“There’s no such thing as an anti-war film” is a quote attributed to the late French filmmaker François Truffaut, suggesting that war and conflict is inevitably glorified in its depiction. Christopher Nolan’s Dunkirk finds a way to subvert this claim. His portrait of the fabled World War Two evacuation does not romanticise war or fetish violence. Instead it displays the bravery and resolve of over 400,000 Allied troops, many of which never made it home.
From the very outset you can hear the sound of a ticking stopwatch, of time running out. For if the Allied forces don’t escape France soon, they shall be massacred. It is apt then that the plot of Dunkirk incorporates time so deeply. There are three different perspectives shown in the 100 minute length, the first of which is entitled ‘The Mole’. This thread of the narrative structure details the week long land based evacuation centering around a young Private called Tommy (Fionn Whitehead). The second thread is called ‘The Sea’ and takes place over a single day. Mark Rylance plays the owner of a pleasure boat who, rather than let the Navy requisition his ship, sets sail for Dunkirk himself accompanied by his son and boat hand. Finally, ‘The Air’. This is but an hour. That’s how long Farrier (Tom Hardy) can provide air support in his Spitfire with a full tank of fuel.
Incredibly, all three of these perspectives are interwoven together, converging on a single moment. The scale of this, Nolan’s tenth feature, is awe-inspiring. From the wing of a Spitfire to the largest naval film shoot in history — including a 350-foot French destroyer from a museum in Nantes — his insistence of realism over computer generation bring us to within almost touching distance of the conflict. The dogfights especially were a technical marvel.
For the soundtrack to the film, Nolan turned once again to his long-time collaborator Hans Zimmer. In order to achieve the unrelenting tension and unease, Zimmer made use of an auditory illusion, the Shepard-Risset glissando. Put simply it is three versions of the same scale, each one octave apart. The high scales starts loud and gets quieter, the middle scale stay a constant volume, and the lower scale starts quiet and gets louder. Your brain is tricked into thinking the scale is continuously rising. Add in the sound of a ticking clock and the result in an ever-increasing sense of unease, pushing the narrative forward with it.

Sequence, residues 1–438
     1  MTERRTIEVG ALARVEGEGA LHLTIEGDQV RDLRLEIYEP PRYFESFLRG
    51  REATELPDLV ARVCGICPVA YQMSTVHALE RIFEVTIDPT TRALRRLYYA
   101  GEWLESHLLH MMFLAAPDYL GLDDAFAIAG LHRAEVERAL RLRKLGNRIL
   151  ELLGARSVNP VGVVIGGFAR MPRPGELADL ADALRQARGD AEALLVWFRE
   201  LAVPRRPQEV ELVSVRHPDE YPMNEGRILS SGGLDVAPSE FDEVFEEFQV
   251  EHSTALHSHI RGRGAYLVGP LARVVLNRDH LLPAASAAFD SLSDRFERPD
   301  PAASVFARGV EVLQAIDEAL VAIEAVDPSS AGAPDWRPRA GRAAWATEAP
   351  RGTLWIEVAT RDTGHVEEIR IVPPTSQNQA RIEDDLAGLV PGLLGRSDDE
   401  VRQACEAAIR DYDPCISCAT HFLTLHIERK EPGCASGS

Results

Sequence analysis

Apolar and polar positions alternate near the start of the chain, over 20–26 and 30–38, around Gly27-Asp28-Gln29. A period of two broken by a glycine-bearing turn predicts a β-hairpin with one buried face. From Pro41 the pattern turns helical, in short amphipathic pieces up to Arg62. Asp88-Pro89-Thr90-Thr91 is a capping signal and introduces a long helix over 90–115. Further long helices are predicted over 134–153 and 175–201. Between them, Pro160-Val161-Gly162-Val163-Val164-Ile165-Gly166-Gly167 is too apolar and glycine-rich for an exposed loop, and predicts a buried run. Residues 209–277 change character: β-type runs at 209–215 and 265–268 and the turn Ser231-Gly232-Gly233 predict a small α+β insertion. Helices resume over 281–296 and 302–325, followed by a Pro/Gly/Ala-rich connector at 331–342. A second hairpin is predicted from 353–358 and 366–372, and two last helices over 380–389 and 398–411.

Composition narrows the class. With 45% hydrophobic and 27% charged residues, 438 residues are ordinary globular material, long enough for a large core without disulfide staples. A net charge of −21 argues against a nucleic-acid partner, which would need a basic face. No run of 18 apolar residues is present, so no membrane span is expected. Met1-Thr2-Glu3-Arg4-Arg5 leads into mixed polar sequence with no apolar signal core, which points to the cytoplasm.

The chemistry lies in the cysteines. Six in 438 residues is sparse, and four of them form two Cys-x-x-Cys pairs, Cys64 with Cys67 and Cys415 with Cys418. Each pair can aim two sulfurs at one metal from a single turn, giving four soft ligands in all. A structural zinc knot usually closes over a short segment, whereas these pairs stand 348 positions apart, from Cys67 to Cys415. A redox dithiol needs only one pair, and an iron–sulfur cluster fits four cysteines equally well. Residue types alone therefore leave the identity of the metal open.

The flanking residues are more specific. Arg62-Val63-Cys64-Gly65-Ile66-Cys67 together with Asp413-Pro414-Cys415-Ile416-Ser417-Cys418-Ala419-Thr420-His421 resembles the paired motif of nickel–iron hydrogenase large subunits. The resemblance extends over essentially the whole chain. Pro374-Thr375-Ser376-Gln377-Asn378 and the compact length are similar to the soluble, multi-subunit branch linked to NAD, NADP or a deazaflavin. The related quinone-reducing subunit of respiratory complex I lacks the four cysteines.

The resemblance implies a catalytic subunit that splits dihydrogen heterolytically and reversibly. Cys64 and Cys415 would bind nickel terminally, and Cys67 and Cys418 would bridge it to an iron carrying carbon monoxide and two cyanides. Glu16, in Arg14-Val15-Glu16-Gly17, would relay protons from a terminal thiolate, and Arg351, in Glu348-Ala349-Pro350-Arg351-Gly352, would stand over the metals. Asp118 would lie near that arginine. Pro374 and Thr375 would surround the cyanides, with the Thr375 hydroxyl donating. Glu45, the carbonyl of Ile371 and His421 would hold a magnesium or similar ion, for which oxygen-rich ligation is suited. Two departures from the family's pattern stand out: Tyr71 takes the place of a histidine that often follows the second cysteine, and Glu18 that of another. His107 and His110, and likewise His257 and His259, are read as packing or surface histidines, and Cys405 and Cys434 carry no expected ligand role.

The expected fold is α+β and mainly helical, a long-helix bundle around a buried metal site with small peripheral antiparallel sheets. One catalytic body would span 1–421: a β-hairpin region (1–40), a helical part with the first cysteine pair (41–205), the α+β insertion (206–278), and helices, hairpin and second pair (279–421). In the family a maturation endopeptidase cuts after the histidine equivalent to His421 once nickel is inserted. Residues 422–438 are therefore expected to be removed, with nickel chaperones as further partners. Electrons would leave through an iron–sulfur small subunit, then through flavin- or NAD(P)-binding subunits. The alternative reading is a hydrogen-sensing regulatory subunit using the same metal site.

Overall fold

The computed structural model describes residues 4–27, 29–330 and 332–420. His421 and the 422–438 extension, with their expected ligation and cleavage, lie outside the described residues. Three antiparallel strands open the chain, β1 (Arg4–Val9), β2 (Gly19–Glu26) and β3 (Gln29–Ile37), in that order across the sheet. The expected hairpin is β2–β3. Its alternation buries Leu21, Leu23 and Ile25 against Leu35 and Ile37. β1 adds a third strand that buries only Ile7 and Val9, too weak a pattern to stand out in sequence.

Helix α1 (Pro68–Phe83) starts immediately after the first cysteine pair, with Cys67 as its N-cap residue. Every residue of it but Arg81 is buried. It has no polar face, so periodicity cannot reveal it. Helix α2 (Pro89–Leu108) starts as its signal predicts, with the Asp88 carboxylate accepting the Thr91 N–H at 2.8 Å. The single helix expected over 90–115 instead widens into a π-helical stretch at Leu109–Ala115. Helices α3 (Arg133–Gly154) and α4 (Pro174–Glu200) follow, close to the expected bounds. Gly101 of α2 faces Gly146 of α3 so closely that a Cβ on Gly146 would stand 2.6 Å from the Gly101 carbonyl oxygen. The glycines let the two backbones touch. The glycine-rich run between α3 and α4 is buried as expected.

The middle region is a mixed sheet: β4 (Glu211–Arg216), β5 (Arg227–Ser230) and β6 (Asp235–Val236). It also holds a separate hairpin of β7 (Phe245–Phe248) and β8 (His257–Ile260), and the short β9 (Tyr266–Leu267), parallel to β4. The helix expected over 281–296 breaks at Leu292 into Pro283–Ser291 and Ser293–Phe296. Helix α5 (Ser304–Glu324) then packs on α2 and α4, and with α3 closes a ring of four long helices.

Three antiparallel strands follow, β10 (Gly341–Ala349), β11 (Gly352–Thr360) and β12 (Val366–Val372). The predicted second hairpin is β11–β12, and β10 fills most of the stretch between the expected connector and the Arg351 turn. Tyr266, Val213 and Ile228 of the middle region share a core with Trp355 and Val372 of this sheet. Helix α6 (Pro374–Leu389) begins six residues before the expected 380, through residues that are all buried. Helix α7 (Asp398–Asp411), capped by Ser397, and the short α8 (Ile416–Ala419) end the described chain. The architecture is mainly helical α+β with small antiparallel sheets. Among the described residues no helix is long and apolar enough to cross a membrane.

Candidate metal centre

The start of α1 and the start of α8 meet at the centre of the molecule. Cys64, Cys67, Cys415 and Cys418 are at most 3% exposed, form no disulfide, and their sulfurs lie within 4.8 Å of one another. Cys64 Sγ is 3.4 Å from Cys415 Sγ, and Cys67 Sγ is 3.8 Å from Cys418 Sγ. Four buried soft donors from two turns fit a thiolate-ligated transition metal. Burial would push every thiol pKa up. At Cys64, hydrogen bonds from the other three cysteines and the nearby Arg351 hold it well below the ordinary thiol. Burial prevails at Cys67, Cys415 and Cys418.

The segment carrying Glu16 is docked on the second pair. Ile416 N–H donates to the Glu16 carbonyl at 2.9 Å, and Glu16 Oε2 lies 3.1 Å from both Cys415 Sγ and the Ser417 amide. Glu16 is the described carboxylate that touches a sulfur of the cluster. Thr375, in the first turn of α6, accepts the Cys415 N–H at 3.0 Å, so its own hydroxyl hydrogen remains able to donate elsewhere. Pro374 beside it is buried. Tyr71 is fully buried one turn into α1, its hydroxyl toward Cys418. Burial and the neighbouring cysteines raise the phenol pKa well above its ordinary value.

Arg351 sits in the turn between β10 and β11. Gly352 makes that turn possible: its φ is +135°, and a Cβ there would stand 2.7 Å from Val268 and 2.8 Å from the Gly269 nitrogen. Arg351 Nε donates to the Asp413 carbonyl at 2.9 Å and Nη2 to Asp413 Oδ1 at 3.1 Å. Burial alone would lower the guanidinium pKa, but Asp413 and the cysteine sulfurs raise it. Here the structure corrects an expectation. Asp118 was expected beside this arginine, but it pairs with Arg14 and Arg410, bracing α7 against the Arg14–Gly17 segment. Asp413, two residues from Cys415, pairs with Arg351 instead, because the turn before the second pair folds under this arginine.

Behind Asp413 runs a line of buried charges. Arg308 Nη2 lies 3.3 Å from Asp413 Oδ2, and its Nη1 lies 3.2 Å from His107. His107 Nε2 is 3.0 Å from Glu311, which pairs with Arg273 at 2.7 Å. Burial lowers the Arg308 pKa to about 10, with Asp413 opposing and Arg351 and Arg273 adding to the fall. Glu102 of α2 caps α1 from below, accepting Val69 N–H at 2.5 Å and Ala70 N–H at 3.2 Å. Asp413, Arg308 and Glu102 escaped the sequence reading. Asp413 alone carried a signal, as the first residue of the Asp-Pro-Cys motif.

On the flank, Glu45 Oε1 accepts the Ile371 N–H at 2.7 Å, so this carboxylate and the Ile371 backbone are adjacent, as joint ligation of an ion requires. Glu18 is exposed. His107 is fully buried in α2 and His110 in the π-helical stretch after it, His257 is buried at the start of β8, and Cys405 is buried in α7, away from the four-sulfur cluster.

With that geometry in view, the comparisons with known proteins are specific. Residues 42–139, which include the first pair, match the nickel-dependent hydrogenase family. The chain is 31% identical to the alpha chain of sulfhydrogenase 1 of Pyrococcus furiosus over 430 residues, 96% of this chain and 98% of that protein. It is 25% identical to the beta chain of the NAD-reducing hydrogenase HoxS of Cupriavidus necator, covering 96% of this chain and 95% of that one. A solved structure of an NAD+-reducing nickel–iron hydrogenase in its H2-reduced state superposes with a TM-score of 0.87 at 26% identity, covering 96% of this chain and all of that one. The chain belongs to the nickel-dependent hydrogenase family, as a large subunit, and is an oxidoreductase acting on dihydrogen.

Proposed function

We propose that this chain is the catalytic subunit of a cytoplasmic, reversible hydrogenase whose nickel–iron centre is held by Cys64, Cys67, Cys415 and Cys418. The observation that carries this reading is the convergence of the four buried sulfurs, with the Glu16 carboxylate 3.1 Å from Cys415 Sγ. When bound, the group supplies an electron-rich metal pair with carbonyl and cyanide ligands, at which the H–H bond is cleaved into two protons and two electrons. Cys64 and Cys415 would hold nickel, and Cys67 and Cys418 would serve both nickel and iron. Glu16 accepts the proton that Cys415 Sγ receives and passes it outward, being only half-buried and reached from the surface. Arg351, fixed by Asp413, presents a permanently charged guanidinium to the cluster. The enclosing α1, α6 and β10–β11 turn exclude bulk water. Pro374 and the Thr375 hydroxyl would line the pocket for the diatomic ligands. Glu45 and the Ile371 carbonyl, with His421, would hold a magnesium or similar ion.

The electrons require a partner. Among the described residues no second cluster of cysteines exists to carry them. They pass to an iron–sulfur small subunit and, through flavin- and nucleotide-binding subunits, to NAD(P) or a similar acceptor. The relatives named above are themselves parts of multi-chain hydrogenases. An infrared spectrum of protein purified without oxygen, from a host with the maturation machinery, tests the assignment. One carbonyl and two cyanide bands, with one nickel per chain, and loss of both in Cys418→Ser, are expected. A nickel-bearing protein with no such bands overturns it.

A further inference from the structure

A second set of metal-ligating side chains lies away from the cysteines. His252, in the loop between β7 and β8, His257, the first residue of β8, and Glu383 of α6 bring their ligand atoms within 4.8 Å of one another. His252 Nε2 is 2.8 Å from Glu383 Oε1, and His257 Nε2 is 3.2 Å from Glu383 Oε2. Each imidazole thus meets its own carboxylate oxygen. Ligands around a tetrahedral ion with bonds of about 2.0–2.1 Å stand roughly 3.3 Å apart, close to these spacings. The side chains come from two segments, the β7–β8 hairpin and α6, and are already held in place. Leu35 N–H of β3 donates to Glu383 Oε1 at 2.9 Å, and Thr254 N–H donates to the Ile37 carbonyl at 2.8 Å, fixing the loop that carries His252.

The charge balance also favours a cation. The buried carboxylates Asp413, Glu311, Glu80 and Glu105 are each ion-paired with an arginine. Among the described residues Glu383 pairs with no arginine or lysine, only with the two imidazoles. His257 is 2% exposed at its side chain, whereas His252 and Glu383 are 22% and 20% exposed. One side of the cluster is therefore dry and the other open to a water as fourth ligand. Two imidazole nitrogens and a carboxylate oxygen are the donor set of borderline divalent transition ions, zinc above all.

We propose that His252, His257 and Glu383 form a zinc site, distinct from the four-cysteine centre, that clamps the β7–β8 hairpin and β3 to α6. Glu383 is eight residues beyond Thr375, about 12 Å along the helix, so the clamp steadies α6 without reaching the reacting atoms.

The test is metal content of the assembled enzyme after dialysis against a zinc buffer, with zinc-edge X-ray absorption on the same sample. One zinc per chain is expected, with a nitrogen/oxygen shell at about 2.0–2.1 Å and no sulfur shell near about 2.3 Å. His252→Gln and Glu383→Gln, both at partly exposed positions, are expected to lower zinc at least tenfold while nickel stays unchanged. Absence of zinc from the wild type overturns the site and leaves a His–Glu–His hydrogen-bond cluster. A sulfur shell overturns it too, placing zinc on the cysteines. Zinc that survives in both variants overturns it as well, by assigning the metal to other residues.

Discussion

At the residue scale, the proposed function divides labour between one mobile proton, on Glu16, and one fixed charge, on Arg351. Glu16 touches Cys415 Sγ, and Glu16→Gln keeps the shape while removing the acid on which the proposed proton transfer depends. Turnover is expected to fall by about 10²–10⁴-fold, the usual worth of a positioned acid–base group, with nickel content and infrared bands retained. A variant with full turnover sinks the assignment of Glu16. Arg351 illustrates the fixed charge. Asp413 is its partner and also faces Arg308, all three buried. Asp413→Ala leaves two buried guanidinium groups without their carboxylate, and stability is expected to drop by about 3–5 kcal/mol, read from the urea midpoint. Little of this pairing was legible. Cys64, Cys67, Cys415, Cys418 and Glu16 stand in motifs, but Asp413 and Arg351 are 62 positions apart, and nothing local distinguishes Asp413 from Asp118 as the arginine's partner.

This minimalistic ethos seeped into other areas of production too, namely the dialogue. Harry Styles, who was the standout performance, speaks maybe 40 lines, leaving the visuals to throw the psychological punches. Yet the events of those days are dealt with using a surprising candour. A scene of one soldier taking off his gear and marching into the sea and to his death was met with silence, except for the inescapable tick tock of time.
The magnitude of Dunkirk is tremendous, but there is an unforgettable intimacy shared with those men. Their desperation to survive is haunting, with each death as heart-rending as the last. It is a breathtaking experience, Nolan’s crowning jewel in a catalogue of cinematic excellence.